Twenty years after the September 11 attacks, a new sense of grief and anger is being felt among many veterans of the War on Terror.
America’s hasty withdrawal from Afghanistan and the country’s return to Taliban control has added to the trauma felt on the anniversary of the attack on the American homeland.
“People are feeling it intensely right now,” says Dr. Shelley Amen, a psychiatrist who works with veterans. “They are feeling a deep sense of betrayal in many ways.“
The Veterans Crisis Line, operated by the US Department of Veterans Affairs, opens report a surge In calls and texts after the fall of Afghanistan. As September 11 draws to a close, many veterans say an already difficult date on the calendar is made worse by renewed questions about whether the war in Afghanistan was worth it.
They are haunted by the uncertainty of what comes without an American presence in the country.
“The truth is, I can’t get around the fact that I’m pretty confident that something bad is going to come back from that country in the next seven to 10 years,” says Tom Amenta, a US Army veteran who spent two tours. Served in Afghanistan.
When troops like the Amenta were first deployed, their mission was fairly clear. “We had a high-value target list of people who were directly responsible,” he says. “We were going to find them and we were going to either capture or kill them. That was it.”
After Osama bin Laden was found and killed by US forces in Pakistan in 2011, the US remained in the country and attempted to build the nation. Amanta argues that the original counter-terrorism mission was still successful. “The reality is that what we were tasked to do, we did it excellently for 20 years.”
The fear of fear is also prevalent in the families of the soldiers who died in the war.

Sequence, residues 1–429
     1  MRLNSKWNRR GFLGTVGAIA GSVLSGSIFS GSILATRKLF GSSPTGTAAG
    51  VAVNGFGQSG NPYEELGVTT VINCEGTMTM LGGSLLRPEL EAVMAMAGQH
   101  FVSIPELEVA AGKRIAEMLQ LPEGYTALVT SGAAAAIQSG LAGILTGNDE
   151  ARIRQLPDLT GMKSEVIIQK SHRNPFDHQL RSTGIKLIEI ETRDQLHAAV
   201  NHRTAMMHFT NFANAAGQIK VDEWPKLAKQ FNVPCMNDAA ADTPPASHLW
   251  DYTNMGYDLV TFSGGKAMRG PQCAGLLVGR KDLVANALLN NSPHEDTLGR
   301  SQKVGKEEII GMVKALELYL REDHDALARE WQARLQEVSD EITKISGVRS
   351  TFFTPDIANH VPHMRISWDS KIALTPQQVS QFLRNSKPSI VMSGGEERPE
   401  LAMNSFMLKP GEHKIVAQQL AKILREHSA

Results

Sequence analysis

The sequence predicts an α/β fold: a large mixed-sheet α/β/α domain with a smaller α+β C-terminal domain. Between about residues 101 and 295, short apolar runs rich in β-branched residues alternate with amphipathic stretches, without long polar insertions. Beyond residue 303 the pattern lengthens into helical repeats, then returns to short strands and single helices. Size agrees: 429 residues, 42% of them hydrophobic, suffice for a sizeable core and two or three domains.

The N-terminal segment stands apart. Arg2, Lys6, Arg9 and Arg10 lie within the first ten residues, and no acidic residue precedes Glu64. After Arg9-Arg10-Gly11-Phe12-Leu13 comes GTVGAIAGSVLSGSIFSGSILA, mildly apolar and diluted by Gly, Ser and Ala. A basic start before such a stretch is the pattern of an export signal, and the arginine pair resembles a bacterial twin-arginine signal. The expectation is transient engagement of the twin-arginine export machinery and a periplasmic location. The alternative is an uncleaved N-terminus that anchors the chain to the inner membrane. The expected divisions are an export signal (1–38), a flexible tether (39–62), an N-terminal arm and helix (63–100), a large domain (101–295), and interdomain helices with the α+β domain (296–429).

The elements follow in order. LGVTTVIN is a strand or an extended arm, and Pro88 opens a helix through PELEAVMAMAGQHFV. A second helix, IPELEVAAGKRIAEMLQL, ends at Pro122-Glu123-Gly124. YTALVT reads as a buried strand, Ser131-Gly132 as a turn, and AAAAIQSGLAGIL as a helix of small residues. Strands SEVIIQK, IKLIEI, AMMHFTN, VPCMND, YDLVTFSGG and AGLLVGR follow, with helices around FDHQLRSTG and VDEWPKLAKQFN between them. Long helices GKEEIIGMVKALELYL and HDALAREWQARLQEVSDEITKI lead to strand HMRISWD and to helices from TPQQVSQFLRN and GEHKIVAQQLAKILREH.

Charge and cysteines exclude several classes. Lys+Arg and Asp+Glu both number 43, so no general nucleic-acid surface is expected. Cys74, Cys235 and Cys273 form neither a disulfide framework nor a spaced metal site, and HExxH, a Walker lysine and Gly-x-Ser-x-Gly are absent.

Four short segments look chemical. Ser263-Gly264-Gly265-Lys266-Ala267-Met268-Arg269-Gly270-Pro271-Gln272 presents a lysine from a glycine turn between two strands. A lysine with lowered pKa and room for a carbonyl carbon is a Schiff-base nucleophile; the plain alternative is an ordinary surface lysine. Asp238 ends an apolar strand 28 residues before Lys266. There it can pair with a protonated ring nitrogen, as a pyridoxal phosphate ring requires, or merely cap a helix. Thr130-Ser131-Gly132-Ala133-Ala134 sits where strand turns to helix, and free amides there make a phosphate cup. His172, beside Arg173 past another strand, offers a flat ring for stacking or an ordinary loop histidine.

Jill Stephenson’s son Ben Kopp was 13 years old on September 11, 2001. After seeing the towers fall, he decided to serve his country and was admitted when he was old enough. He was killed in a gunfight with the Taliban at the age of 21.
“I don’t think my son died in vain. I think it’s important for me to clarify that,” Stephenson told Reuters in August.
He described seeing the fall of Afghanistan as “tragic and paranoid”, especially as the September 11 neared.
“To add salt to that wound for me is that it comes on the heels of the 20th anniversary,” she said.
Dr. Amen says he has spoken to several people who are noticing signs of a post-traumatic stress disorder “flare up” before the anniversary.
“They have the honor of their service and no one can take it away from them,” she said.
He urged veterans to be up to date with an action plan for their mental health and wellbeing. “Set something on your calendar, maybe have some phone numbers in your pocket that you can call,” she suggested. “Healing is possible.”
Despite his concern about Afghanistan becoming a future breeding ground for terrorism, Tom Amenta has found comfort in the success of the US-led mission and by focusing on his personal service.
He recently co-authored twenty years war, interviewing fellow veterans of the War on Terror and documenting their stories.
“We kept the world safe,” he said. “Not only Americans, but Canadians, Australians, everyone in NATO, everyone who stepped into that country and said 9/11 would never happen again.”